Nonfiction That Reads Like Fiction #NonficNov #NonfictionNovember

November 22, 2021

Nonfiction That Reads Like Fiction #NonficNov

Nonfiction November poster (text in white against a green background against colorful fall leaves)

I’m eager to participate in Nonfiction November this year hosted by What’s Nonfiction, Doing Dewey, The Thousand Book Project, Plucked from the Stacks, and OCBookgirl. During the month of November, you will notice one nonfiction focused post each week:

Weekly Topics:
(Join us?)

Week 1: (November 1-5) – My Year in Nonfiction (with Rennie at What’s Nonfiction)

Week 2: (November 8-12) – Fiction/Nonfiction Book Pairing with Katie at Doing Dewey

Week 3: (November 15-19) – Be The Expert/Ask the Expert/Become the Expert (my fav memoirs/biographies) with Veronica at The Thousand Book Project

Week 4: (November 22-26) – Stranger Than Fiction (tweaked by me: Nonfiction That Reads Like Fiction) with Christopher at Plucked from the Stacks.

Week 5: (November 29-December 3) — New to My NF TBR with Jaymi at OCBookgirl

*This post contains Amazon affiliate links.

Nonfiction That Reads Like Fiction

Nonfiction November is an opportunity to reflect on the year, to celebrate and appreciate nonfiction, and to share recommendations.

This week’s prompt for Nonfiction November hosted by Christopher at Plucked from the Stacks is Stranger Than Fiction. I am tweaking this topic because, for me, a favorite form of nonfiction is narrative nonfiction (nonfiction that reads like a story). There is nothing strange about these stories! However, you will notice that several have been turned into movies….because….well….they read like fiction!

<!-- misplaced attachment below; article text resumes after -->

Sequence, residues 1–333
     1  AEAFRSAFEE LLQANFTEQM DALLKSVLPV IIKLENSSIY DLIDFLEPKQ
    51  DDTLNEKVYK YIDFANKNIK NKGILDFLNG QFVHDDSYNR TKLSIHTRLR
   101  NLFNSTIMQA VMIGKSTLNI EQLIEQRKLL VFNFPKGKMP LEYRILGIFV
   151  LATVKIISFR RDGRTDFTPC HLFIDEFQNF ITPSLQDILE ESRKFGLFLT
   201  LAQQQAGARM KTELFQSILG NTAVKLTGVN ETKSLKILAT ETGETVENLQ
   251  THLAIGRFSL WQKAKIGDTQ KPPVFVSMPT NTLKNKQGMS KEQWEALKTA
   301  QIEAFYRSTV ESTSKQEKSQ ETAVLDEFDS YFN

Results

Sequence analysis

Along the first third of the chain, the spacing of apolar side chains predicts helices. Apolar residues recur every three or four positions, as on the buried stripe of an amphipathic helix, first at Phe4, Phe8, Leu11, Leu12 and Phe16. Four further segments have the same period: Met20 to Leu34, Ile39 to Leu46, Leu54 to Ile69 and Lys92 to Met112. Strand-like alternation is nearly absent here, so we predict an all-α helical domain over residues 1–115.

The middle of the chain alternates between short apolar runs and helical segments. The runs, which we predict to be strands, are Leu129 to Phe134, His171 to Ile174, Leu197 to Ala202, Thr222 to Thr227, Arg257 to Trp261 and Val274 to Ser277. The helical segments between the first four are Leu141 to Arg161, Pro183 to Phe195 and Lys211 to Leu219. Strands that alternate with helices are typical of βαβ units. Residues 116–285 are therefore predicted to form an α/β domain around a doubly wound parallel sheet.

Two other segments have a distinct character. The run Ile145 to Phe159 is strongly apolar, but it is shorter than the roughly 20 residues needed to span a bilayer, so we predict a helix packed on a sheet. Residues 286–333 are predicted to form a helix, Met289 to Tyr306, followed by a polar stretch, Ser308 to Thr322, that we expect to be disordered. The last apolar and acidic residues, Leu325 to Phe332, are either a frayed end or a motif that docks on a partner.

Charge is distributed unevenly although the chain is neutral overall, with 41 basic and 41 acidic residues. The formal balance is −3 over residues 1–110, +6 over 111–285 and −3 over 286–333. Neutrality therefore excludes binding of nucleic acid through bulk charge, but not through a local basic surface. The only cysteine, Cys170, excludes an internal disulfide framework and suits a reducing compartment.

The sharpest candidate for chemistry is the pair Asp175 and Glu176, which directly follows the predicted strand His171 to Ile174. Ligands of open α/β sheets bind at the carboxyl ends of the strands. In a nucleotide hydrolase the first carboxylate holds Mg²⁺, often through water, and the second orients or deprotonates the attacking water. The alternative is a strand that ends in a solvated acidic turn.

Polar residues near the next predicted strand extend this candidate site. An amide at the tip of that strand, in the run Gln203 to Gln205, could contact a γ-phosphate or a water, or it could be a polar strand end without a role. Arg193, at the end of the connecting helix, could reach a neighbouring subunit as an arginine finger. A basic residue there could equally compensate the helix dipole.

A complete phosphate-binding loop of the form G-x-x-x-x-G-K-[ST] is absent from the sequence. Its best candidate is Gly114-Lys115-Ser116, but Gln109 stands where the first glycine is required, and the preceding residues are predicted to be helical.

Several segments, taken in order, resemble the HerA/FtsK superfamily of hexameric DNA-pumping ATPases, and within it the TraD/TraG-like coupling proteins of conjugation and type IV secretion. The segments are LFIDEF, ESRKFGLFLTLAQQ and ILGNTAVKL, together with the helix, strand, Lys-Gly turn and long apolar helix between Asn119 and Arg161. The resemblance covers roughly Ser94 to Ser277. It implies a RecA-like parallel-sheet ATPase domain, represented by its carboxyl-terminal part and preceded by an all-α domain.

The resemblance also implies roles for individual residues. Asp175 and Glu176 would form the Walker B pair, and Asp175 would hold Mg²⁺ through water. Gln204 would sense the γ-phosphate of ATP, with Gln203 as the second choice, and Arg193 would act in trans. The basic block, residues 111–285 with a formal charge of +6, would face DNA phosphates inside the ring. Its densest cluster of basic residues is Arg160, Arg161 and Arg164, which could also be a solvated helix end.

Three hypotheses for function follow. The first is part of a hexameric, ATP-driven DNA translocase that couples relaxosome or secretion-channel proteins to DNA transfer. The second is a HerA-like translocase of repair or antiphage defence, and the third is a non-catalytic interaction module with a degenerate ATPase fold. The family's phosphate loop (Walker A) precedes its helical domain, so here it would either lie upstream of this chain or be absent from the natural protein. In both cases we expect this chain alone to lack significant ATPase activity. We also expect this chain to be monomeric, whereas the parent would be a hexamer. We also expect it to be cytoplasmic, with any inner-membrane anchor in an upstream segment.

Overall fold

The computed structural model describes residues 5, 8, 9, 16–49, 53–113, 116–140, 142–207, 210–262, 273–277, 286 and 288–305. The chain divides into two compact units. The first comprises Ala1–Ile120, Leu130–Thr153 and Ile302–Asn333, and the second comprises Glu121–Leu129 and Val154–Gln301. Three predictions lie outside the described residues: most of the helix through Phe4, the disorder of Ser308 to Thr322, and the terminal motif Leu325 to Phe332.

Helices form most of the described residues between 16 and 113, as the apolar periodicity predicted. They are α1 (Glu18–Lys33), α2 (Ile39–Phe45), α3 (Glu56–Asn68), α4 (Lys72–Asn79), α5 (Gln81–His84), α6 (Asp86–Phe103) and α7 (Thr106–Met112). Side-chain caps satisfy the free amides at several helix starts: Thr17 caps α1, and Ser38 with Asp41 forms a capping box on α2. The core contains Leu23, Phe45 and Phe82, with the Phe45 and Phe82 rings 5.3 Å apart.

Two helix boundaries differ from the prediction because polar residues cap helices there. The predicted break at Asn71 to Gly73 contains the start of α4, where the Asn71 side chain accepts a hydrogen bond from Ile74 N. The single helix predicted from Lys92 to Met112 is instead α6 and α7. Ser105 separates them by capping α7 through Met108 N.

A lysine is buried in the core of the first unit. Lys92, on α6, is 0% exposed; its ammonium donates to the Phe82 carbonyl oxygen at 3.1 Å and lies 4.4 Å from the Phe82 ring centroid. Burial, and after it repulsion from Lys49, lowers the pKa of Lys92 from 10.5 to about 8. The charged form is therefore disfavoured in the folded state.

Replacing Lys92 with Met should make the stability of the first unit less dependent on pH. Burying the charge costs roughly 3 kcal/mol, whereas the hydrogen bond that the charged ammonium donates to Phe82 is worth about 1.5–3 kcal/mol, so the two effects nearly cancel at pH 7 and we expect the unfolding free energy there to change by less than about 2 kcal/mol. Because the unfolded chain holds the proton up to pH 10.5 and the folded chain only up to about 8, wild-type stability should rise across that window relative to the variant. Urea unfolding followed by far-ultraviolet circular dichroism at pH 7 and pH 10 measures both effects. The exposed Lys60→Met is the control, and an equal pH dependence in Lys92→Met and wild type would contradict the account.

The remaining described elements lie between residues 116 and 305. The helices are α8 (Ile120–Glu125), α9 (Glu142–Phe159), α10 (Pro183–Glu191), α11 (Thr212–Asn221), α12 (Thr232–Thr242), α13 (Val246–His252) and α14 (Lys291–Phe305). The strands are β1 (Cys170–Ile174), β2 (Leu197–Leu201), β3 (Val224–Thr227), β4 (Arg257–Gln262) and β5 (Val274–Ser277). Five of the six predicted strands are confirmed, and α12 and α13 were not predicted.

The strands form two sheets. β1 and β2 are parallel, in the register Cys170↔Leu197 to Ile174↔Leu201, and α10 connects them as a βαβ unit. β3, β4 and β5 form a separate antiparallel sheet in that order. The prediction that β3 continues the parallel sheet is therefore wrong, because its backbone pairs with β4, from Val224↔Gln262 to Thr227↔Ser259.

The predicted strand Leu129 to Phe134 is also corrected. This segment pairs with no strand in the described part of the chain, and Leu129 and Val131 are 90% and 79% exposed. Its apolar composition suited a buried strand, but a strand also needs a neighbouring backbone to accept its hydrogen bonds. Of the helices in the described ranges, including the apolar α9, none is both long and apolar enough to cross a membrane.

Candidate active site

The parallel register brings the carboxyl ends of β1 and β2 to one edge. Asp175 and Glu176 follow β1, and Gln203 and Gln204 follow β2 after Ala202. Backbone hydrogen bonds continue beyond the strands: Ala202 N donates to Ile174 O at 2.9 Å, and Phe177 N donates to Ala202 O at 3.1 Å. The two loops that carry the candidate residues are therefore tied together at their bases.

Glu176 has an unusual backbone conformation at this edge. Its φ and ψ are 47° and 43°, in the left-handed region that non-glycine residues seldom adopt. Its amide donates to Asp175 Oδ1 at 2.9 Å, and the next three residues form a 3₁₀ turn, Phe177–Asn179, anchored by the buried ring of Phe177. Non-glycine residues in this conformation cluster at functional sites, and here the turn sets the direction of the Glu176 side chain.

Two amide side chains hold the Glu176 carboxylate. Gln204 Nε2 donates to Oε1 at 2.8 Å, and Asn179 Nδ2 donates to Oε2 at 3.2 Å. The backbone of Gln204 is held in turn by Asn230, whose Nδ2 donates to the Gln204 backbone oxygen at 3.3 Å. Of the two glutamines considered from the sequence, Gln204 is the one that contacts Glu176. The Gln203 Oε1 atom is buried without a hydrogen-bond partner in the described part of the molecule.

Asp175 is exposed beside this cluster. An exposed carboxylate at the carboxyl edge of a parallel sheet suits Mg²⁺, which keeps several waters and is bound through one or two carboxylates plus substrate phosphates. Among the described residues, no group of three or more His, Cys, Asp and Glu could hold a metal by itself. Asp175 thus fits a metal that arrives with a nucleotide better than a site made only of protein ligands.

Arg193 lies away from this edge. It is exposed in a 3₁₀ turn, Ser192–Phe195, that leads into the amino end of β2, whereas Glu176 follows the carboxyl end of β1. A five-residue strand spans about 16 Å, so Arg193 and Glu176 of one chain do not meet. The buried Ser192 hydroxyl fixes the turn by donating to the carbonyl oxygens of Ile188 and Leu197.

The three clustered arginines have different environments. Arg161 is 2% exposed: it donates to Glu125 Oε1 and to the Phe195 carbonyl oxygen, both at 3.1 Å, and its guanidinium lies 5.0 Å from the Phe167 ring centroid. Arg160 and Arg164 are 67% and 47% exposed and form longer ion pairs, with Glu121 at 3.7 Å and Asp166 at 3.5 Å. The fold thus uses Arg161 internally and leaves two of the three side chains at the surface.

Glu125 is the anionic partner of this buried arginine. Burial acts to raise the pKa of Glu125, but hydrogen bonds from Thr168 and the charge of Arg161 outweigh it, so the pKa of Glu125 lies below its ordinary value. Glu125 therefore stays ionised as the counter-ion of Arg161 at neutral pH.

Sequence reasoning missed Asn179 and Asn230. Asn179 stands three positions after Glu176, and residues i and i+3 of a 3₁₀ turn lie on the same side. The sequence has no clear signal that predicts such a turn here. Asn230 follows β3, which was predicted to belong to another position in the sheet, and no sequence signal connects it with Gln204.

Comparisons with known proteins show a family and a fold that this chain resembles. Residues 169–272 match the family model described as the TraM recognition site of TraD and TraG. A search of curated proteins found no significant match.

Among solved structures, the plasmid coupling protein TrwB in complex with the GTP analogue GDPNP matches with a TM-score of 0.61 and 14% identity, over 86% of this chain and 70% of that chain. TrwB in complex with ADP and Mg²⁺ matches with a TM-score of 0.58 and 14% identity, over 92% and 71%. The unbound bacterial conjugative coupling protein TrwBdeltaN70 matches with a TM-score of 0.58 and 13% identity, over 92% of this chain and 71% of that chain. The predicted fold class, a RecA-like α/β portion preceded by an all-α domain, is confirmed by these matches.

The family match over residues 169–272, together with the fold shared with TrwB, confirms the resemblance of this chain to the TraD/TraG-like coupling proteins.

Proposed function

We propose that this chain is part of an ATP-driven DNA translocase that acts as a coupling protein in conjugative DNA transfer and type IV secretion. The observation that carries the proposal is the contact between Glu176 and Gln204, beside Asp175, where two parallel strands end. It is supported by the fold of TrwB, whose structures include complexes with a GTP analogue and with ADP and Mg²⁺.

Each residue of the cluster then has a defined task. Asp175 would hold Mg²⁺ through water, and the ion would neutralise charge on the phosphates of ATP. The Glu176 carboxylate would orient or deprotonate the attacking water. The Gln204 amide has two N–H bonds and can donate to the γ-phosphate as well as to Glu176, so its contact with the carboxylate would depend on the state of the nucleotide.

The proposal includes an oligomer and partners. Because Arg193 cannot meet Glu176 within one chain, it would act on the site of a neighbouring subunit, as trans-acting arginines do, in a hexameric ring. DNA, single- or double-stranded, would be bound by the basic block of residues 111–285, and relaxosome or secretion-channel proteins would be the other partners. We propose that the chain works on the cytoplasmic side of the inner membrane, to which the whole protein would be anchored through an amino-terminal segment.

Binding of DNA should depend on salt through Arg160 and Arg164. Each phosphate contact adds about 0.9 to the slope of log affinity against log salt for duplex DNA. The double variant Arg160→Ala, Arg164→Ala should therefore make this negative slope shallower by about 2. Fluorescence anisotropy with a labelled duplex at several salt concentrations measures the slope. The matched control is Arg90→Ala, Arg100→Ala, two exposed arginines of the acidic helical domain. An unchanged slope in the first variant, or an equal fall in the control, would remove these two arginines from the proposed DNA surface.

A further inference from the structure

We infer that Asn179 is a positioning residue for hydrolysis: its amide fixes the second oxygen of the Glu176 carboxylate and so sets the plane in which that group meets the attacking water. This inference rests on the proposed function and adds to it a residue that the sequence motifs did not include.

Please join me for Nonfiction November!

Nonfiction That Reads Like Fiction (image: white text over the top view of several hardback books)

Background Image Source: Canva

Nonfiction That Reads Like Fiction

The Girl With Seven Names: Escape From North Korea by Hyeonseo Lee

(My review of Girl With Seven Names here)

The Girl With Seven Names by Hyeonseo Lee (cover)

Born a Crime: Stories of a South African Childhood by Trevor Noah

(My review of Born a Crime here)

A young readers version of Born a Crime here.

Born a Crime by Trevor Noah (cover) Image: a casual Trevor Noah

Educated by Tara Westover

(My review of Educated here)

Educated by Tara Westover (cover) Image: a giant sharpened pencil as background

The Glass Castle by Jeannette Walls

The Glass Castle movie.

(My review of Glass Castle here)

Glass Castle

Killers of the Flower Moon: The Osage Murders and the Birth of the FBI by David Grann

(My review of Killers of the Flower Moon here)

Movie in the making.

Killers of the Flower Moon by David Grann (cover) White text over a reddish and dark background

Hillbilly Elegy: A Memoir of a Family and Culture in Crisis by J.D. Vance

(My review of Hillbilly Elegy here)

Hillbilly Elegy Netflix movie here.

Hillbilly Elegy (cover)

The Glass Castle by Jeanette Walls

(My review of Glass Castle here)

Glass Castle movie here.

The Glass Castle (cover)

Unbroken: A WW11 Story of Survival, Resilience, and Redemption by Laura Hillenbrand

Unbroken movie and YA version here.

(Not reviewed because I read this before I started blogging or Goodreads)


Bonhoeffer: Pastor, Martyr, Prophet, Spy by Eric Metaxas

The Bonhoeffer movie.

(Not reviewed because I read this before blogging or using Goodreads)